Will 5% be added on closing stock as on 30th June 2017?
(b) What is the GST rate in Fabrics, as there are various
types of fabrics like cotton, synthetics, man-made
fabrics, acrylic, Mixture of cotton and other fabrics etc.
Will there be flat rate of 5% on all fabrics or different rate?
(c) Please provide clarification on HSN number. Is it
mandatory to quote in invoice by B2C traders & B2B
traders? Further there are various codes in one type
of item, would it not create confusion among traders?
(d) As per news in CNBC, input tax credit would not
be allowed in textile for some period? Please clarify.
(e) Is Rs 1000/- bracket for 18% rate applicable on Sarees and
suit lengths or will it attract flat rate?

(a) When you make supplies out of this stock after 1st July,
2017 you will be liable to pay tax as applicable to the
goods sold by you.
(b) GST rate on fabric is flat 5% irrespective of composition.
(c) Upto Rs. 1.5 cr turnover, no HSN code is required to be
mentioned. For those having turnover of Rs. 1.5 to 5 Cr,
first 2 digits of the HSN code are required i.e. the chapter
number. Only those who have turnover above Rs. 5 Cr
are required to mention 4 digits of the HSN code. You
will start getting the HSN code in your supplier's invoice,
so it would not cause any issues once the supplies under
new regime take place.
(d) ITC would be admissible as per the Transitional
provisions of GST Law.
(e) Rate of tax linked to the sale value applies only to
garments and not for sarees and suilengths
which are fabrics.

Question 19: I am an un-registered trader dealing in textile
fabrics which was exempted from tax under the State VAT
Act. If I get registered under the GST Act, will I be eligible to
avail of input tax credit on my stock of goods lying on the
appointed day?

Answer: Since the goods you are dealing with are exempted
from tax under the State Act, you will not be eligible to avail
input tax credit as SGST under the SGST Act, 2017 on your
stock of goods lying on the appointed day.
But, you will be eligible to enjoy CENVAT credit as Central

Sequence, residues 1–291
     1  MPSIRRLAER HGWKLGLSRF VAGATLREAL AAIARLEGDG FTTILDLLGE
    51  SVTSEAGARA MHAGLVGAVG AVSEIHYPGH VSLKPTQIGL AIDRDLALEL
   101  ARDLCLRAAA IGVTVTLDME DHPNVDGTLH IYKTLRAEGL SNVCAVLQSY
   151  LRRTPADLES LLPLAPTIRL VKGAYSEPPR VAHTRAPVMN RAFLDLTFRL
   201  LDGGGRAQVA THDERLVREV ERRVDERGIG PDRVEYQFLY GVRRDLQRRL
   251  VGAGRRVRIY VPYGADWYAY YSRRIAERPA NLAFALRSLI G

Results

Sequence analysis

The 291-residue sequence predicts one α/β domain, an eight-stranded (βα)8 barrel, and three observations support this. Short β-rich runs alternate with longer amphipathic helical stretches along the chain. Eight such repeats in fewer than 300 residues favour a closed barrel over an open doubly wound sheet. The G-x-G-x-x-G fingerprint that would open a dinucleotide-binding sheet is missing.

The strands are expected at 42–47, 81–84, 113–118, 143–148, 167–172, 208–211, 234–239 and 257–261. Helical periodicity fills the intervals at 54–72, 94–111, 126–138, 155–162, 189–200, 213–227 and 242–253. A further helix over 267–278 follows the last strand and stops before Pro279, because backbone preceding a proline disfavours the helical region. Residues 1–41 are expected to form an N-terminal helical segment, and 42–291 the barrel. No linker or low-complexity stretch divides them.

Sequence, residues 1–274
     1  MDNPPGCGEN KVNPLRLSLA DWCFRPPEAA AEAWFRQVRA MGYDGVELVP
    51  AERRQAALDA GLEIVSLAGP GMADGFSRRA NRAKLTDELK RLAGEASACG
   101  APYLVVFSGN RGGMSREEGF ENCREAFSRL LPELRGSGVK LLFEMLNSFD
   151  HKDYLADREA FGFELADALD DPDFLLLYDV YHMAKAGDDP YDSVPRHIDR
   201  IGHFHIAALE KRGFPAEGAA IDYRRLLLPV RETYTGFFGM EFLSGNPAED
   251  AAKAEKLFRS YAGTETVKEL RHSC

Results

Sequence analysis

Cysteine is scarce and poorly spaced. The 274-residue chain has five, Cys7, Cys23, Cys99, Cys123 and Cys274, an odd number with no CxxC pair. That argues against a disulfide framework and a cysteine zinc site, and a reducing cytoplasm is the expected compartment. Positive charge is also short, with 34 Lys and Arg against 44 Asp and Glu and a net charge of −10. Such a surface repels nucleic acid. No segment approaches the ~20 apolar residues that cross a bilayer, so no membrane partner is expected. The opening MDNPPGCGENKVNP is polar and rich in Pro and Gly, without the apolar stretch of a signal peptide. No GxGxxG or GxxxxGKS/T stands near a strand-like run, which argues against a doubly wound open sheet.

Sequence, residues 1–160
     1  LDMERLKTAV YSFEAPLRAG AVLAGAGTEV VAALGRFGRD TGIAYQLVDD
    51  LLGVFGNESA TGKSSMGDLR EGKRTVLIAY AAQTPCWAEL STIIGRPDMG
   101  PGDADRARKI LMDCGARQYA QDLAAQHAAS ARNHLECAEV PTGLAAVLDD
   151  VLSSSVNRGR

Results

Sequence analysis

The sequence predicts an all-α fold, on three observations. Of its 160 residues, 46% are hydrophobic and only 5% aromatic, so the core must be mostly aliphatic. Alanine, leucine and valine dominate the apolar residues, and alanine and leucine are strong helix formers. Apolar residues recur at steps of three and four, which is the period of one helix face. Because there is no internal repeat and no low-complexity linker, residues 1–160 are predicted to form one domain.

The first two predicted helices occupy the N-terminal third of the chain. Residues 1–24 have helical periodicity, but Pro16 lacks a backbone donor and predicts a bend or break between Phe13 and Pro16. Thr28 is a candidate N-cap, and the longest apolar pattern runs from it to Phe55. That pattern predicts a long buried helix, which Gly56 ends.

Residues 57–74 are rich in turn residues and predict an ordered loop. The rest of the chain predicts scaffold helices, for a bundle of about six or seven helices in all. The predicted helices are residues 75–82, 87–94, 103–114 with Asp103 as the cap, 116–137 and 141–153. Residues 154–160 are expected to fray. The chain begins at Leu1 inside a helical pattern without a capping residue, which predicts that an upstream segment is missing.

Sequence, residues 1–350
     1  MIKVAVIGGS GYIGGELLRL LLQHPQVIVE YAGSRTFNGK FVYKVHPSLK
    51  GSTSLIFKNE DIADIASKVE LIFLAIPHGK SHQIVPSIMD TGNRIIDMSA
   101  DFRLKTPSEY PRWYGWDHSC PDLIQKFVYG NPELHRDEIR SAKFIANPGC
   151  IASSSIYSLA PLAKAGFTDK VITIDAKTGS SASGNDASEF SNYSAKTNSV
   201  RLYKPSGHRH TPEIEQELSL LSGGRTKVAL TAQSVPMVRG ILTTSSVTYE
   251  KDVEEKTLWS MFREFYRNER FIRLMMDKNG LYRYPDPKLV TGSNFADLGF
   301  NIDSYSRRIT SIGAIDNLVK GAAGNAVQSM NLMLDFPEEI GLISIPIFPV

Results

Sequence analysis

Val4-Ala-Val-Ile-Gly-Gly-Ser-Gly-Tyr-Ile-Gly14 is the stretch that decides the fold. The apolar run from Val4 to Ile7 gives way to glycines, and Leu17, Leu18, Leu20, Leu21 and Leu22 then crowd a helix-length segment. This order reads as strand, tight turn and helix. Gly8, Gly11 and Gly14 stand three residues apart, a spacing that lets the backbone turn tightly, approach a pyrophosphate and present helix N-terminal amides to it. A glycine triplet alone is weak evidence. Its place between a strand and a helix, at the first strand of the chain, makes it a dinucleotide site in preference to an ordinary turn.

Tax on your stock if you have invoices or other prescribed
documents evidencing payment of excise duty under the
existing law and such invoices/prescribed documents
were issued not earlier than twelve months immediately
preceding the appointed day.
Your product was not unconditionally exempt from the
whole of the duty of excise under the Central Excise Tariff.
If you do not possess invoices/other documents evidencing
payment of excise duty in respect of your stock of goods,
you will be allowed to avail input tax credit on goods held in
stock on the appointed day at the rate of 40% of the central
tax on your intra-State supply of goods after the appointed
day or 20% of the integrated tax on your inter-State supply of
goods after paying central tax/integrated tax on such supply.
You are allowed to enjoy the scheme for six months from the
appointed day or till such stock is sold out, whichever is
earlier, and tax paid by you shall be credited as central tax in
your electronic credit ledger.

Question 20: I am a manufacturer of readymade garments.
If I send any inputs to the job worker, will it be treated as
taxable supply under the GST Act? Can I supply the goods
after completion of job work from the place of business of
the job worker?

Answer: You can send your inputs or capital goods to a
job-worker for job work without payment of tax and also
bring back the same, after completion of job work, within
one year or three years respectively.
You can also supply the inputs or capital goods from the
place of business of the job worke subject to the condition
condition that you have to declare the place of business of
the job-worker as your additional place of business if the
job-worker is not a registered person.
However, if the inputs or the capital goods, other than
moulds and dies, jigs and fixtures or tools, which have been
sent to the job-worker are not received back within the
specified time period, it shall be deemed that you have
supplied the inputs or capital goods on the day when you
have sent it to the job-worker and you have to pay tax on
such supply accordingly.

Note: Reference to CGST Act, 2017 includes reference to
SGST Act, 2017 and UTGST Act, 2017 also.